bulletThe grade will be composed of 75% for the research paper (including outline and draft) and 25% for class participation. All students are expected to participate in class and each student will also discuss his or her paper topic. Students can earn a participation credit in class by demonstrating familiarity with the course materials and verbally analyzing relevant legal issues. 

Deadlines: 

bulletProposed paper topics due by: February 23, 2005 
bulletPaper outline due: March 16, 2005 
bulletPaper draft due: April 13, 2005 
bulletFinal draft due: May 14 (Final day of exam period)

Each student must complete an original research paper of at least 20 double-spaced pages, including footnotes. You may also submit a longer paper (30 pages minimum) for satisfaction of the upper-level writing requirement.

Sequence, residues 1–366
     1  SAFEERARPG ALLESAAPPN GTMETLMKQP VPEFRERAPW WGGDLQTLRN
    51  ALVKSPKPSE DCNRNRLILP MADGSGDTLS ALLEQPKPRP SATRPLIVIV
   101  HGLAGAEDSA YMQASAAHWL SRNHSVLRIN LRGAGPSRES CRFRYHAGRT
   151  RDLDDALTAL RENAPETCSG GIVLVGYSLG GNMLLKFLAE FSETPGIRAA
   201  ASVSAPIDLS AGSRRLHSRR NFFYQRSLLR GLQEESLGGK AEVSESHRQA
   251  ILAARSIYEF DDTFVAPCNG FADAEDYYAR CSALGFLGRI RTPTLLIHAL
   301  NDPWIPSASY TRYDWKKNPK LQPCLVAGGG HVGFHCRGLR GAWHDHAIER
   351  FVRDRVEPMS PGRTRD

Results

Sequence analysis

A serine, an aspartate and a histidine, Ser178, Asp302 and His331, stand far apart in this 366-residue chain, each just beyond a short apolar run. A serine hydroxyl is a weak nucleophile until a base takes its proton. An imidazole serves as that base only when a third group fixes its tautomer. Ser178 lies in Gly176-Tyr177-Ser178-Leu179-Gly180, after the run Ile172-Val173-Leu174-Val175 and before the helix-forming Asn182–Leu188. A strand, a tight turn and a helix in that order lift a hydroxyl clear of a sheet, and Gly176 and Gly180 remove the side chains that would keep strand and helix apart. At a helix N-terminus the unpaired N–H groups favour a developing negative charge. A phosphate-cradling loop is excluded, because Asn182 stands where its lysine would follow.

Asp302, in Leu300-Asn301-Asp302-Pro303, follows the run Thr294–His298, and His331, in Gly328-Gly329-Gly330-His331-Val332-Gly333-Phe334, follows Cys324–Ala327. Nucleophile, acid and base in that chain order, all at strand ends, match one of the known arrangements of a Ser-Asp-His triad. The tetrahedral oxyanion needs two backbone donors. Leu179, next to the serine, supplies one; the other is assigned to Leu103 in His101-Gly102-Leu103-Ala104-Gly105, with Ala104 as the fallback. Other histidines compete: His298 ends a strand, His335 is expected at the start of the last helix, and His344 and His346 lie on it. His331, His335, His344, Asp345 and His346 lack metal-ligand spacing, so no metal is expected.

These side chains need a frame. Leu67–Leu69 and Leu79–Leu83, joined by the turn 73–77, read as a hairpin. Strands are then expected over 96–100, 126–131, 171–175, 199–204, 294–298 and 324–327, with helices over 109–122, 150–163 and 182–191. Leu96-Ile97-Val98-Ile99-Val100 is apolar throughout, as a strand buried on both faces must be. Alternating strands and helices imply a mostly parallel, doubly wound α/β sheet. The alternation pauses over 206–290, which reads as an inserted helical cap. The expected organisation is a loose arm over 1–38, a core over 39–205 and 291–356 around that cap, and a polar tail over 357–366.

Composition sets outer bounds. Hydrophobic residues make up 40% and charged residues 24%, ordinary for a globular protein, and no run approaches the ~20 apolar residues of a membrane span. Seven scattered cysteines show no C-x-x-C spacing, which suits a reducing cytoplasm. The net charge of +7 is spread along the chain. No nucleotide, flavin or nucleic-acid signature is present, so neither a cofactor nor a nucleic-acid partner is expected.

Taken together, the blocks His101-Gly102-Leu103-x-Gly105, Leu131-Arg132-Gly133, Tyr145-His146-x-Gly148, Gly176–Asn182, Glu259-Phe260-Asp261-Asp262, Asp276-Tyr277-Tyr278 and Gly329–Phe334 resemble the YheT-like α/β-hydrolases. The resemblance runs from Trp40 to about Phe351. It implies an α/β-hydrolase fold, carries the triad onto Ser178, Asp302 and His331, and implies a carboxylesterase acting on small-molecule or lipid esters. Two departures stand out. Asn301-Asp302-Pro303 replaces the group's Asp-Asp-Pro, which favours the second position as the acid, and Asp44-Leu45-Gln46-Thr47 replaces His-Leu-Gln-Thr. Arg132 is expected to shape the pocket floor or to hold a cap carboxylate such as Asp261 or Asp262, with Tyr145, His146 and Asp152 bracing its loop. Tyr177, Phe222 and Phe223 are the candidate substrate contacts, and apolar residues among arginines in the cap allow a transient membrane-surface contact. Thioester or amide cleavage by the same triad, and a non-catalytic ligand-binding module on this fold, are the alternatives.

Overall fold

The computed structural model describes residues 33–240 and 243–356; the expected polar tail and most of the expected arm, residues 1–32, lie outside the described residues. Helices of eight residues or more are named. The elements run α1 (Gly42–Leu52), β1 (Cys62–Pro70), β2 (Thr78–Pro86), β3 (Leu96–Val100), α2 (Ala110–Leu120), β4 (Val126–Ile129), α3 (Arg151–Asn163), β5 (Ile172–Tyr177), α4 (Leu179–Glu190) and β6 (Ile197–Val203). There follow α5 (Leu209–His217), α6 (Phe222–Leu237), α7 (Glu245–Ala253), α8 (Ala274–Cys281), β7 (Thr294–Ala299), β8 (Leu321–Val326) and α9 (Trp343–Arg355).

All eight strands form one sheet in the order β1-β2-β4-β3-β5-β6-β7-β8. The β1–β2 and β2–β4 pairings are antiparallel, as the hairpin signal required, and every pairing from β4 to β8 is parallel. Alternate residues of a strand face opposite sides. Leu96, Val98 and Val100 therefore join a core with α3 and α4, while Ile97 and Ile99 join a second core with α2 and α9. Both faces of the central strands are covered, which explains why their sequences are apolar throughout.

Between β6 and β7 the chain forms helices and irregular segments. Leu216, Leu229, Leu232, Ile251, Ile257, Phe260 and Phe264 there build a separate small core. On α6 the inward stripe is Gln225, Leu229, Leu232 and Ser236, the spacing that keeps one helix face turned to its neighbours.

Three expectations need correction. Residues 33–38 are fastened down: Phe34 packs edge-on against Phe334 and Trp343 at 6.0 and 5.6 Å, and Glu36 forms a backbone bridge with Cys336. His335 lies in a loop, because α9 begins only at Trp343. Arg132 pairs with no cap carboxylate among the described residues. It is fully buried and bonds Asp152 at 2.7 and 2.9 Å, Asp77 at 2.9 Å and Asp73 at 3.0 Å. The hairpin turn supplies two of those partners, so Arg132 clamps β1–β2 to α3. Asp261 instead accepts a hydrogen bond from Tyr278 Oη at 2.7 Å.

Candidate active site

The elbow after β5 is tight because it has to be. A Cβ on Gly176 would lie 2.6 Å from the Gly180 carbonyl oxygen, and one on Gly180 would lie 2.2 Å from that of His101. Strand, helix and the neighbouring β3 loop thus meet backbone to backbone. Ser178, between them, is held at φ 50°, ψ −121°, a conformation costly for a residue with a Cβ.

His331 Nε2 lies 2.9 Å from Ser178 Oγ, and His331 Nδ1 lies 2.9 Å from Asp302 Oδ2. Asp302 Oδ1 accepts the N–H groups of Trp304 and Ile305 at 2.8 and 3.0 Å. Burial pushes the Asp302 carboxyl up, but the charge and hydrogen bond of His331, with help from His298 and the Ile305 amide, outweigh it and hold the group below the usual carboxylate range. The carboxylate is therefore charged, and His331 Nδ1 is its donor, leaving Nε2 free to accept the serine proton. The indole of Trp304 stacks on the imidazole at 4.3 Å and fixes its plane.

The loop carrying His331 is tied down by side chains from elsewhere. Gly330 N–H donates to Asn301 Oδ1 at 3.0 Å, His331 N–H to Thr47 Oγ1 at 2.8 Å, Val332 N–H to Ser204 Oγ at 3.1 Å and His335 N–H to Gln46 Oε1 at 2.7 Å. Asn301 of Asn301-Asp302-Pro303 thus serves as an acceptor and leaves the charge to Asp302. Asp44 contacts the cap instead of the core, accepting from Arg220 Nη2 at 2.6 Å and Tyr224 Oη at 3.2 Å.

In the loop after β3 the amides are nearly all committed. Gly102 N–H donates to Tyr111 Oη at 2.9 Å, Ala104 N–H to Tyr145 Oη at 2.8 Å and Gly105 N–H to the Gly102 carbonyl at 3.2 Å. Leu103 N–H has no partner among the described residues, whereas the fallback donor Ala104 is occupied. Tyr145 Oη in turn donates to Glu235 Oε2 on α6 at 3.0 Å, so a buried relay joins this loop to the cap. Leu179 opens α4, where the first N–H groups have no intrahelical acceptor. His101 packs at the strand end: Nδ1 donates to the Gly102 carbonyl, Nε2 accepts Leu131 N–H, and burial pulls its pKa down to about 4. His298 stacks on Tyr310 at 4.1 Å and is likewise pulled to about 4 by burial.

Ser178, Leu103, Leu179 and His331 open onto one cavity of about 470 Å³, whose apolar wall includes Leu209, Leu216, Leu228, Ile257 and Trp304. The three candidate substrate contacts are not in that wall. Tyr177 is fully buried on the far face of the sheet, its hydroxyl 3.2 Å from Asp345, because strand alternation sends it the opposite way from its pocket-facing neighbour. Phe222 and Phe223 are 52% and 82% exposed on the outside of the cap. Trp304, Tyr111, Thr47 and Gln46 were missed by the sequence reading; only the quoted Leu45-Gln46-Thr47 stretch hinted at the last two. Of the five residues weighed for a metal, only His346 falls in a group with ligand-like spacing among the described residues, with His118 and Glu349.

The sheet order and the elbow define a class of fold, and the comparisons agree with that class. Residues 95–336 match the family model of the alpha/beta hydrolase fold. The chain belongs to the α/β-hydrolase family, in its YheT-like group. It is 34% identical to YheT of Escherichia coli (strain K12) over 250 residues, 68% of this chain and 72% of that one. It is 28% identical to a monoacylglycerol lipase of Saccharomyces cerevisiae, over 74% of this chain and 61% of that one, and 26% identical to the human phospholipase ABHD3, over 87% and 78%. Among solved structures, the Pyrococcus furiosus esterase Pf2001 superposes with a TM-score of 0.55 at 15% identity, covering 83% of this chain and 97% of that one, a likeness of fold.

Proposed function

Class Schedule

 

1     January 12    

Introduction

bullet Class introduction
bulletPreview of Fair Use in the Digital Age
bulletThe Jib Jab parody "This Land" and the threat of suit
bulletCarter Family's "When the World's on Fire" from the EFF's Deep Links
bulletThe Chillingeffects site and other threats
bulletThe Copyright Office site
 

 

2     January 19 

Copyright Infringement --  Practice and Litigation:        

bulletThe exclusive rights, statutory limitations and remedies in practice
bulletFred Bouchat v. The Baltimore Ravens, Inc. and NFLP, Inc., 228 F.3d 489, 56 USPQ2d 1422 (4th Cir. 2000), cert. denied, (U.S. May 21, 2001) (No. 00-1494) -- (Liability Phase)
bulletFred Bouchat v. The Baltimore Ravens, Inc. and NFLP, Inc., 346 F.3d 514 (4th Cir. 2003). (Damage Phase)
bulletTo view the works at issue, see: http://www.kasunic.com/cert_articles.htm 
bulletYou may also want to consider a  law review articles on the access and striking similarity issues in 13 Fordham Intell. Prop. Media & Ent.L.J. 653 (Winter 2003) and in 9 Vill. Sports & Ent. L Forum 97 (2002).